Basically this graph states the following :
- if you use 50% of the capacity each night you may reasonably expect to get 1000 cycles out of this AGM battery (this would be between 500 and 1000 cycles for a deep cycle battery)
- if you only draw 10% of the battery capacity per night you could reasonably expect to get 5 000 cycles from it, or more that 10 years !



CONLUSION - your battery capacity SHOULD be more than DOUBLE the nightly current draw. Ideally 3 to 4 times the nightly draw. Better still if the battery capacity is such that you only draw 10% per night.


Application -
IF you use the 7A.h battery - you could expect to use about 3A.h per load shed and not damage the battery. That is a constant 1,5A draw, or about 18W. This could be 6 downlighters, or about 1,5m of 14W/m LED strip (remember you CAN use a number of small strips to total up to this 1,5m). Make no mistake, that IS a lot of light for backup purposes, though you wont be reading under these lights.


With a typical 100A.h deep cycle battery you could use 50Ah over a period of about 5 hours, thus a 10A draw. To put this in perspective. Hoppy's 24 off 3W LED lights only draw 6A.


PS - once you have a deep cycle battery you will add an inverter for the tv/computer. THIS accounts for about 40A.h during a load shed !!!! Thus on load shed days use the lights sparingly or you will drastically reduce the battery life !! And THIS is why Pieter is trying to source a larger 12V battery.

One could make a bank of batteries, but KNOW that this comes with various other issues, ie keeping the batteries balanced. Buying a single large battery surely has many benefits !!

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Fri Jun 12, 2015 10:13 am

When speaking to an industry specialist he stressed the importance of the QUALITY of the charger as very important in ensuring long life for the battery.


Here we are talking of the likes of the Benton BX range. The BX2 has a maximum charge rate of 7A. This is less than 0,1C, ie less than 10% of the battery capacity (for a 100Ah battery 0,1C will be 10A). Even with a 50% discharge after a load shed this low charge rate will fully recharge the battery long before the next loadshed on the next day. Thus NO reason to even consider any of the fast chargers. And we know that a slow charge IS better for a battery, even if some suppliers now claim their units can accept a higher charge rate. We simply dont need the high speed charge in this type of application, thus rather protect your investment.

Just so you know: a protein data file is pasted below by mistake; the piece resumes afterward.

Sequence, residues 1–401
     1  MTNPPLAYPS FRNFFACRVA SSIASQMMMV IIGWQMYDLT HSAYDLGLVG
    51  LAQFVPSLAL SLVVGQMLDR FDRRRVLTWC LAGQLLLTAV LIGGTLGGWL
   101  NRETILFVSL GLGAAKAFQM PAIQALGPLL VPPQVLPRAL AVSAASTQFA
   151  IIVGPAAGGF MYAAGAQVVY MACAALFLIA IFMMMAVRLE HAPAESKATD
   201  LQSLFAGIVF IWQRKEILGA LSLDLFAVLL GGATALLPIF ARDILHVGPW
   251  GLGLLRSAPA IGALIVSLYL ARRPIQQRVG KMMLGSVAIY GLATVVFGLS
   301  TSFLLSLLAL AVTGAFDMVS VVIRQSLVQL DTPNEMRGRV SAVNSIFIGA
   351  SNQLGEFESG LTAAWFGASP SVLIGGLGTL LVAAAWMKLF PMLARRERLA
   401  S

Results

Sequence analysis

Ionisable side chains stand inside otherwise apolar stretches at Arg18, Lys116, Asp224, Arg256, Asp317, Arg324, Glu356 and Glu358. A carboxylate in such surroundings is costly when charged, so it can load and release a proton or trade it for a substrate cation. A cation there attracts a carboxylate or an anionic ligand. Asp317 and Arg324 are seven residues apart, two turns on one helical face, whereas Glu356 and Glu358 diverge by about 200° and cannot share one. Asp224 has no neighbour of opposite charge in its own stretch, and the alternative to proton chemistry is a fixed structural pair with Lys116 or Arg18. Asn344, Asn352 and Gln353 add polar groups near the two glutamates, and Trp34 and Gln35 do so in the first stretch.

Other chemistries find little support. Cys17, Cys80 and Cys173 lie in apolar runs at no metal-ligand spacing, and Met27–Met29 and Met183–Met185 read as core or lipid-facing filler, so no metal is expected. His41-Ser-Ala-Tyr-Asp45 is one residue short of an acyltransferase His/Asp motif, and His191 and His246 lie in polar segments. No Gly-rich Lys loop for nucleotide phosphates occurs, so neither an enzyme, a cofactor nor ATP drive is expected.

If you are going the route of the 7Ah battery, please do get one of these small power supplies suited to the smaller battery.

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Fri Jun 12, 2015 10:37 am

PV charger and panel size -

we have a range of PV chargers to choose from. Typically you can choose between PWM or MPPT.

PWM - Pulse Width Modulating - basically this unit switches the PV panel ON and let the battery see the full panel voltage, but as the panel voltage is too high it switches the panel off again, and on and off and on and off ..... The width of these pulses determine how much power flows from the panel to the battery. You can buy these for under R300. Unfortunately this cheap charger stops the charge rate at 13,9V, thus it wont ever charge the battery fully. For a full charge the charge volts needs to go up to about 14,5V for a short period.

MPPT - Maximum Power Point Tracking - looking at the V-A curve of a PV panel one can see there is a specific voltage at which the panel delivers maximum current. Bear in mind the maximum current varies throughout the day in accordance with the position of the sun. Thus the maximum power point is an ever moving target. The MPPT solar regular constantly monitors the maximum power point of the panel, and adjusts the charge current accordingly. For good measure it also measures the state of charge of the battery and further adjusts the volts and amps to the battery to ensure the best possible charge rate for both the available power and the state of charge.

understandably the MPPT units are not exactly cheap ...




PV panel size - play on sites such as these http://re.jrc.ec.europa.eu/pvgis/" onclick="window.open(this.href);return false; and you will soon realise the massive differences of the available power between Summer and Winter !! Summer time I can get near 6 hours worth of maximum power from the PV panel, my flat mounted PV panel hardly gets 4 hours worth of power in winter - IF and only if there is zero cloud cover ....

Let's say the charge voltage is 14V, then the maximum charge current from a 100W panel is 7A.

Let's consider a clear sunny winter day - now if only we had these in the Cape - then I could get 7 x 4 = 28A.h maximum from a 100W solar panel. Now allow for the fact that my panel is mounted flat, and I would be lucky to see 15A.h during a clear sunny day in mid winter !! Dark cloud cover and I get 0A.h ! Light cloud cover would still deliver a bit of power ... But this applies to the worst two months of the year only. Summer I could easily get 7 x 6 = 42A.h .....

Way more than I need for the 12V lights.

BUT, not enough to fully charge the battery after a load shed !!!!